Where does the rope come in?

Well the rope comes in as I reflect back on various line managers at the various posts I have had. Some managers obviously stand out for the way they behaved. Some for positive reasons and some for negative reasons. But the importance is they stand out.

A manager’s job is a complex one and staff see the manager in different ways: –

  • The manager is in between me and the top brass, so they take the heat.
  • The manager is there to bounce things off and I let them take the final decision that I run with.
  • The manager is there to help me do what I do and advise and give experience where needed
  • The manager is there to identify my strengths and weaknesses and help me grow.
  • The manager is there to hound me and be on my back all the time
  • The manager is there to micromanage everything I do
  • The manager is there to bully me into doing things a certain way
  • The manager is just an extension of the top brass and I don’t trust them
  • The manager is just looking after themselves all the time.

The above are just some responses I have heard and I am sure you have heard many more over the years. The top ones are positive and the bottom ones are more negative. The culture the manager creates is one of the most important things in an organisation. It is either a culture of trust and growth and innovation or one of distrust and tolerance of the management as a whole.

The rope comes in where the mangers are switched onto their staff and not just processes and statistics. You see the managers that have stuck out in my past are the ones that saw my potential for self-motivation and gave me the rope to run with it. When I stretched the rope and I did on more than one occasion, they would grab the end and pull me back in a bit, but always with encouragement and not demotivation..

I have worked in some great environments where the people were such a massive resource and if they had been managed correctly would have been so innovative that the potential clients would be climbing over each other to come and deal with us. Sadly, a culture of short ropes and bullying was relevant and it destroyed the people and the innovative juices within a short period. Very sad indeed to be part of and watch. I did escape and got out before the whole house of cards fell.

So how much rope is enough?

This is a great question, don’t get me wrong I believe in systems and know they have to be there for so many reasons. I EVEN TEACH THEM.

But, I also have such a heart for innovation and letting people be creative. I teach a creative thinking techniques seminar that gets people to tap into the juices that made them creative when they were children. Which they have now parked as they have picked up the managerial styles over the years.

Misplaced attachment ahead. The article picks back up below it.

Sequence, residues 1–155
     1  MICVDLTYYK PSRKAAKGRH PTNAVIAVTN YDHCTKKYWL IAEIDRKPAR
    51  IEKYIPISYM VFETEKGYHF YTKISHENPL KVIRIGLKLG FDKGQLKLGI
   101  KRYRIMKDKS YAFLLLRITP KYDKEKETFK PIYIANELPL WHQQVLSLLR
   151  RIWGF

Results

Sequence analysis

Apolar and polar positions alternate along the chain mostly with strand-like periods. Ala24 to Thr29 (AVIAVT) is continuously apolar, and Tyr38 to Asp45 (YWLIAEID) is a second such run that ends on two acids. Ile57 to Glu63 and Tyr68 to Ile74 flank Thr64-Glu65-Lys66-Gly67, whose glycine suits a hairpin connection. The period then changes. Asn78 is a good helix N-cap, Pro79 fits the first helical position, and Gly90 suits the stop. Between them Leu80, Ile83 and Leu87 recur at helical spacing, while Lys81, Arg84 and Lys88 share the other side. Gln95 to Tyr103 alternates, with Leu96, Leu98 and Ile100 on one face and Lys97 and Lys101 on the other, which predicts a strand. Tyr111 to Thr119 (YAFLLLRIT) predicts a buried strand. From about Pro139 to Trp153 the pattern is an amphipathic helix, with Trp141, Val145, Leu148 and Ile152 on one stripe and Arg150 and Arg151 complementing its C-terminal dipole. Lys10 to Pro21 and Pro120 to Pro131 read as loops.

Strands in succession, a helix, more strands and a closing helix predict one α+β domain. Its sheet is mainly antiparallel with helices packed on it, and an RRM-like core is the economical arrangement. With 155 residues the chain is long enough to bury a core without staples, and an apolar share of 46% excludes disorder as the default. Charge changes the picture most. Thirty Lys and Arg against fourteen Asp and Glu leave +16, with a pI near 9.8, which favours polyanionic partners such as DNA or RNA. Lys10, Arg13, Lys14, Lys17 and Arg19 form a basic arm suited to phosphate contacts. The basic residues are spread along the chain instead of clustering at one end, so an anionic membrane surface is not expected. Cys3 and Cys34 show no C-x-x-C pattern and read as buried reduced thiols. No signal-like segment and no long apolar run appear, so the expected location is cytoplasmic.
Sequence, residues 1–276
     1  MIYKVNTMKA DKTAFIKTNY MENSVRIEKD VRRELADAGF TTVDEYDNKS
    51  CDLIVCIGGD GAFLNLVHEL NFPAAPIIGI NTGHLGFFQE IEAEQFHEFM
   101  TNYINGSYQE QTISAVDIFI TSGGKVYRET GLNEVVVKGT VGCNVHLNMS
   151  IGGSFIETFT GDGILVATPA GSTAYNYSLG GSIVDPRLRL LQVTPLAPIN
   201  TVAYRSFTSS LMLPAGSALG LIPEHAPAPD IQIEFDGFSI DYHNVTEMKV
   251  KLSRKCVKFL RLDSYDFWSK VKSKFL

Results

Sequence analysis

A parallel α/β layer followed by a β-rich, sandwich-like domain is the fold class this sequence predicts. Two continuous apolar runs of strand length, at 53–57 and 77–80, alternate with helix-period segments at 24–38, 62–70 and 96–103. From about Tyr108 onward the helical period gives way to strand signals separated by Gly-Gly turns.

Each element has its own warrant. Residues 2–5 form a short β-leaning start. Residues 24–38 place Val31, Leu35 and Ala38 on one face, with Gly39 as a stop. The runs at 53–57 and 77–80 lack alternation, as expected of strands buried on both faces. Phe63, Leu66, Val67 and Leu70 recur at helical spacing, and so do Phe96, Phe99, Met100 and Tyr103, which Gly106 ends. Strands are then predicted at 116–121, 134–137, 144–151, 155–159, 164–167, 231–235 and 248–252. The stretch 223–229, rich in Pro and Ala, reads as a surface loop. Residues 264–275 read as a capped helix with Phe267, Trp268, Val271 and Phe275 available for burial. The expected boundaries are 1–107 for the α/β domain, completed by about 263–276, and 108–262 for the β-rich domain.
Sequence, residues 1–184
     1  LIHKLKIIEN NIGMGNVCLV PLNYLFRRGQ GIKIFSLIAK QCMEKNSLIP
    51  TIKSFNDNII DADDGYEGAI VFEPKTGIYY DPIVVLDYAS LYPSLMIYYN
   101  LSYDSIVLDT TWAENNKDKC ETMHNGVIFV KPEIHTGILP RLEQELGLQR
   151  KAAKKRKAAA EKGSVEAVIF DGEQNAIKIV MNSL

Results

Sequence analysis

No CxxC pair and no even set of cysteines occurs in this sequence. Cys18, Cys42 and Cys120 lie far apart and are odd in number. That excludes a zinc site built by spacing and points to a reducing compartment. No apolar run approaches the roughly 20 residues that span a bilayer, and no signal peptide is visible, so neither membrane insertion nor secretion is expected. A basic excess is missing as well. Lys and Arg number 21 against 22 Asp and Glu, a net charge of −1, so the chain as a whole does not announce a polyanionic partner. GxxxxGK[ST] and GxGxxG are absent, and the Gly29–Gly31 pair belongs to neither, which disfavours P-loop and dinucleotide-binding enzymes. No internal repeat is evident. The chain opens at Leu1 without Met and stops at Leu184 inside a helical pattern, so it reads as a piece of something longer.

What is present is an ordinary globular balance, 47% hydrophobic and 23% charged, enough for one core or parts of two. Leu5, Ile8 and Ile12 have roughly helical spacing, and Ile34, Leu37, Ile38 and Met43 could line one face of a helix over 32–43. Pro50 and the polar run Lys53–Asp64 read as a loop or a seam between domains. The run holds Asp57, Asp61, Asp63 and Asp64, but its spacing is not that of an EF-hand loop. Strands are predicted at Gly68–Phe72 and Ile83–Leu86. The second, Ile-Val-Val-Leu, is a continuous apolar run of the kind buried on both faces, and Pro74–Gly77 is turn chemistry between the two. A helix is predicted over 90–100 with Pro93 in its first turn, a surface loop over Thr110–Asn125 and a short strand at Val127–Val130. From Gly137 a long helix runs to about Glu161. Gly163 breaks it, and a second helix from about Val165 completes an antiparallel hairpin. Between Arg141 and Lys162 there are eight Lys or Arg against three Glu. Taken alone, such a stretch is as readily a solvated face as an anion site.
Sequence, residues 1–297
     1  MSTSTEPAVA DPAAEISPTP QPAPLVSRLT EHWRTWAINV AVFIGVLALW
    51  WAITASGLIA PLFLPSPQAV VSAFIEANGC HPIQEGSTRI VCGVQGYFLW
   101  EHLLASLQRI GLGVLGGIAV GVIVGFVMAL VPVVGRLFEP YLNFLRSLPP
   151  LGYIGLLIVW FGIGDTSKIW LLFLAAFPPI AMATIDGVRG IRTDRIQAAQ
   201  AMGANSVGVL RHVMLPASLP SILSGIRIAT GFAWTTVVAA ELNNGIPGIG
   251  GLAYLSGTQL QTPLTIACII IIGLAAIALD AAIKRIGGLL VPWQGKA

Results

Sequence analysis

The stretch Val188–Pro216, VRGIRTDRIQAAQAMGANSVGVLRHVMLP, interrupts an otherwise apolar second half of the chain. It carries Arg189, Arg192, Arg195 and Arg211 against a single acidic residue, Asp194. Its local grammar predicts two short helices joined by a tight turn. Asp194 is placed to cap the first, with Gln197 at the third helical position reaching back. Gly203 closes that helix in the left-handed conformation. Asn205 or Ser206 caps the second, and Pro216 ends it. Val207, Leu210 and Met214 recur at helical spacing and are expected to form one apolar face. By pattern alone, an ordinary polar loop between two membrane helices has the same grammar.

They come out and can create ideas that are normally outside their thinking processes. It’s like a relearning. I do believe that most people can be self-motivated and if given a brief and some rope may well shock you with the solutions they come up with. Once you trust and give them the opportunity they will impress. If not we all learn anyway and nothing is lost; I guarantee that more will be gained. It’s is easier to get the best out of staff with motivation than bullying. That I also guarantee, having experienced both.

What are your thoughts on this whole area, would be good to hear from you.

Has the Cloud changed the business weather?

Old Car PhoneI have always promoted the ways in which technology can help us, and how its advancement is changing the game in many different areas – from remote surgery via a net connection, to the way we communicate and interact. Some would say that this is great, and these changes are for the better – at least better than the sluggish old ways we used to do things. Others are more sceptical, and suggest some of what is happening is taking away from human interaction, often to the degree that we just can’t interact effectively face to face anymore.

With the above in mind, I must confess that I do a lot more typing than writing, and as a result my writing skills are just not what they used to be. Saying that, some would say my typing skills also leave a lot to be desired.

Anyway, I digress; I titled this article, “Has the cloud changed the business weather?”

This was a direct hit at what the Internet (or as it’s often called, the cloud) is doing to the way we do business. Let’s look back at the history of how it was done; again I will speak from the experience I gained over my working life.